Oxydizing various functional groups
Alkanes are difficult to oxydise, exept of course the burning with Oxygen.
Mind for example: natural gas, butagas, etcetera.
Complete combustion of natural gas includes changes of the oxydation numbers.
Alkanoles are mostly oxydised with acid permanganate of with acid dichromate; i.e. with a rather strong oxydator.
Alkanales do not need such strong oxydators; weaker oxydators like Ag+ or Cu2+ are sufficiently strong to reach the aim; if at least some conditions are responded (see further).
Alkanales can be oxydised more easy than alkanoles.
Oxydizing an alkanol, the first step gives a substance with two OH-groups at one C-atom (check that).
As said, such a compound with more OH-groups at one C-atom is not stable; of those two OH-groups, one molecule of water will be removed.
Than remains a double bonded O (alkanal, alkanone, alkanoic acid).
We also can burn directly alkanoles/alcohols, and of course we obtain the well known carbon dioxyde and water.
But now we are talking about the more subtile way with weaker oxydators and with special products:
the ion dichromate in acid environment can oxydise a primary alkanol in two steps (via the intermediate alkanal) up to the final product alkanoic acid.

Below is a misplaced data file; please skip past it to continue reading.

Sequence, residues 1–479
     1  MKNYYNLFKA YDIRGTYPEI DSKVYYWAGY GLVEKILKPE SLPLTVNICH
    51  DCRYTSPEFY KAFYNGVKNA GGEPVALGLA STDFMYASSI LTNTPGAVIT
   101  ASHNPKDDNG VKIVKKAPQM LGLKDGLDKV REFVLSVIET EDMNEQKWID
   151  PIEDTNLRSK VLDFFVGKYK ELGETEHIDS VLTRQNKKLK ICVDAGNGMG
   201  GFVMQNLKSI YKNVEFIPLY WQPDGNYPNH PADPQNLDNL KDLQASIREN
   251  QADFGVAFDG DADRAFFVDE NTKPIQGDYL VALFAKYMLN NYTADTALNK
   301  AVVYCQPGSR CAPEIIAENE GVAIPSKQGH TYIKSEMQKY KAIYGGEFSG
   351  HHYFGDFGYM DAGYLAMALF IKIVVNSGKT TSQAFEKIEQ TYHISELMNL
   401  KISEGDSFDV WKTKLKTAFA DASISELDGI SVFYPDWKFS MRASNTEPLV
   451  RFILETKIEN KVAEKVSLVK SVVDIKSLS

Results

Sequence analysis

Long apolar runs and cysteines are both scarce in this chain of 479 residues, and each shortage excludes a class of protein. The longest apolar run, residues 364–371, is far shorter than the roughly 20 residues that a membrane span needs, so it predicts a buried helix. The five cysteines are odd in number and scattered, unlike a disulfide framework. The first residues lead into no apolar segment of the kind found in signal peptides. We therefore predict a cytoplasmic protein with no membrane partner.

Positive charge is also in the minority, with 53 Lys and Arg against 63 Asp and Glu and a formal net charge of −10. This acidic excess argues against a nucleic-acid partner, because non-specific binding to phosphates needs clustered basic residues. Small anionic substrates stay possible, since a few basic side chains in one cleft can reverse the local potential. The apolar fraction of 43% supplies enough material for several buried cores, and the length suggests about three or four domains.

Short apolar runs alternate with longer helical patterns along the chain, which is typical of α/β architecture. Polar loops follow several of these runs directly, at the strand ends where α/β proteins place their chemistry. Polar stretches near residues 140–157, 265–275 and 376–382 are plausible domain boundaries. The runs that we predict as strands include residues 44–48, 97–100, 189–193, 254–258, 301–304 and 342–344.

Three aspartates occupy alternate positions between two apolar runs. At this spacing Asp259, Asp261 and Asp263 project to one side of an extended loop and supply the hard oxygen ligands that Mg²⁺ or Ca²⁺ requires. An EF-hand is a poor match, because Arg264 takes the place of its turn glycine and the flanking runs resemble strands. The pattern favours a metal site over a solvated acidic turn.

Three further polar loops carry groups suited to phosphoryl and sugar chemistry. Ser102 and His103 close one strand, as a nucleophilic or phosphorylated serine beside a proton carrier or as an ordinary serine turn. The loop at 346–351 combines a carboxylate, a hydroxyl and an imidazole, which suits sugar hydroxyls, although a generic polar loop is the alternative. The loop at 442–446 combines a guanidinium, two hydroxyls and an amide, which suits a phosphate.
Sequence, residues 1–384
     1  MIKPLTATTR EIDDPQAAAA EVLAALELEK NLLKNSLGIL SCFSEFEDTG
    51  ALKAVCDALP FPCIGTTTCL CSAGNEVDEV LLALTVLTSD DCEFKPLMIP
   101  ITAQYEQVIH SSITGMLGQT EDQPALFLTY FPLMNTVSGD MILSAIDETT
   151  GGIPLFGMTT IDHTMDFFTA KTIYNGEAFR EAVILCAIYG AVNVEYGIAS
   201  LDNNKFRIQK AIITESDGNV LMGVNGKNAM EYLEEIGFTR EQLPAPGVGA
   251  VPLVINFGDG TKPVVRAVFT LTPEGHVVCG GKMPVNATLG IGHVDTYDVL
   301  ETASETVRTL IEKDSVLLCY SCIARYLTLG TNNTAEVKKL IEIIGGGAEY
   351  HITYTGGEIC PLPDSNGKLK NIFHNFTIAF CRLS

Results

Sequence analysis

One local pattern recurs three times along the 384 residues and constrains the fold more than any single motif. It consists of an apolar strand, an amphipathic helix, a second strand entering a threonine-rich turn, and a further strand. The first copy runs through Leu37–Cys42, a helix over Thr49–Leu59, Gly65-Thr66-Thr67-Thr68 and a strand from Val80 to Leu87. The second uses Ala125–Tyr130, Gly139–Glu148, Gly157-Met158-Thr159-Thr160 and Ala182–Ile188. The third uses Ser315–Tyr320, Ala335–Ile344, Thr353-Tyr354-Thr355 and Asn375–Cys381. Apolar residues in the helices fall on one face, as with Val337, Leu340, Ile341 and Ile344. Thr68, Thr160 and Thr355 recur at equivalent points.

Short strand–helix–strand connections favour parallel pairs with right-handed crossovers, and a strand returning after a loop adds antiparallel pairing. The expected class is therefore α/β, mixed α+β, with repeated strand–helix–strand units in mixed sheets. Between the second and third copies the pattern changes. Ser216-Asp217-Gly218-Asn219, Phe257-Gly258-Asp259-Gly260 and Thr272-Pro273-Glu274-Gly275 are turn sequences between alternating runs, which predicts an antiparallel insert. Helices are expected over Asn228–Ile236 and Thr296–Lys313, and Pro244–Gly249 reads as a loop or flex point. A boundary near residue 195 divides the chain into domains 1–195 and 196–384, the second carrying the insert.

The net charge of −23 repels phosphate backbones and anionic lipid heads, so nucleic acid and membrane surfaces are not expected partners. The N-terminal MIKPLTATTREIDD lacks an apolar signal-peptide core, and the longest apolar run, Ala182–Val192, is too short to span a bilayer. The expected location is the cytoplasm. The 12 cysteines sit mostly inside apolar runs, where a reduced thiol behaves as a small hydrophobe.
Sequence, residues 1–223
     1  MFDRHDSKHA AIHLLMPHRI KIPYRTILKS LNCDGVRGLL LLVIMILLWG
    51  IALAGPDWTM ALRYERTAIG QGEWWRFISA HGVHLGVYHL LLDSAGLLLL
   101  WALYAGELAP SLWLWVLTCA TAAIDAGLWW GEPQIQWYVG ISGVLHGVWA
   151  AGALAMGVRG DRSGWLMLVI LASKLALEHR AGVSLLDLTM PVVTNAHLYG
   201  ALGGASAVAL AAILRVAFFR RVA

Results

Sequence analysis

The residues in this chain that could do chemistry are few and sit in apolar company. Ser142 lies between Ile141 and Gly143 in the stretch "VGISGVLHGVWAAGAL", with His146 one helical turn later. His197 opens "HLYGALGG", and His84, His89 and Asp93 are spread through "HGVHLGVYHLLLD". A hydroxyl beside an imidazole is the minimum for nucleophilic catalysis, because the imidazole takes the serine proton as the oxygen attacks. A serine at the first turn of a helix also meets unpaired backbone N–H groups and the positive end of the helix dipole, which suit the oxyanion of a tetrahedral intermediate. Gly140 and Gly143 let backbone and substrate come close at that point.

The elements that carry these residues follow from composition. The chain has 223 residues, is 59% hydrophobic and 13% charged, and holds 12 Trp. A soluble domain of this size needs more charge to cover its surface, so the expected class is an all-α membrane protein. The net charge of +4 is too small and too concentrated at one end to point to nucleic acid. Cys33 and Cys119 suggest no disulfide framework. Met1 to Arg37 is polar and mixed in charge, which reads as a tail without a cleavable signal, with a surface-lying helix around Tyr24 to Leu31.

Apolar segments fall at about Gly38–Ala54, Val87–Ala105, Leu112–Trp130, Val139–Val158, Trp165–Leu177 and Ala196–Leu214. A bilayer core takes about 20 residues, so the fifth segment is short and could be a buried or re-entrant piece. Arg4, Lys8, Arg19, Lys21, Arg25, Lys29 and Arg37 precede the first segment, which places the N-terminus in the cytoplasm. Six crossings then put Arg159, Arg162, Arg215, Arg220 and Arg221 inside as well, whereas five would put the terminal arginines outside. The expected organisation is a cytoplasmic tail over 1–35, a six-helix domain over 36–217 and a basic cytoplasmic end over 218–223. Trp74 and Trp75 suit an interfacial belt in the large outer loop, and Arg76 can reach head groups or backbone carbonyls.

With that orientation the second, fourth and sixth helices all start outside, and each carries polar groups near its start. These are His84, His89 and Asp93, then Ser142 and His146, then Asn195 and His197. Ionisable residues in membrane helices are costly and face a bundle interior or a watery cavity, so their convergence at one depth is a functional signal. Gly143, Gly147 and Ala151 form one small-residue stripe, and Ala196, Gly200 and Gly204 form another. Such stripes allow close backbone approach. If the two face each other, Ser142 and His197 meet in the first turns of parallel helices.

For the oxydation of alkanales (rather easy) we often use acid permanganate or acid dichromate.
Yet these oxydators are stronger than needed in these cases.
An alkanal has an aldehyde group (-CHO) and the C=O bond is rather polar. that's why oxydators easily attack the δ+-part.
Weak oxydators, like silver- or copper(I) ions are stong enough to oxydise alkanales, whereby the product will be a carboxylic group, that means an acid.
So: it is easier to oxydise an alkanal than an alkanol.
In the case of alkanones, there is polarity between the C and the O of the C=O group, but that particular C-atom does not possess an extra H-atom where the oxydation shoult have to take place.
So it doesn't work. Only with very powerfull oxydators can be done something, and alone if the C - C bond is broken.
Organic acids normally cannot be oxydised easily, just like ethers and esthers.
The reaction scheme below has five steps.
- In these cases, oxydation comes with the introduction of an O-atom between a C and an H
- mostly in organic substances, the presence of more OH-groups at one C is unstable
- the final products are carbon dioxyde and water.
There is an O between two C-atoms, so there must be some polarity, but there is also great symmetry.
That's why we cannot expect big polarity, and therefore it will be more difficult to oxydise ethers.
It is difficult to oxydise organic acids. Not because there is no polarity, but because there is no H-atom connected to the polar Cδ+, where the O should be connected. The same for esthers.
Methanoic acid and dicarbonic acid can easily be oxydised.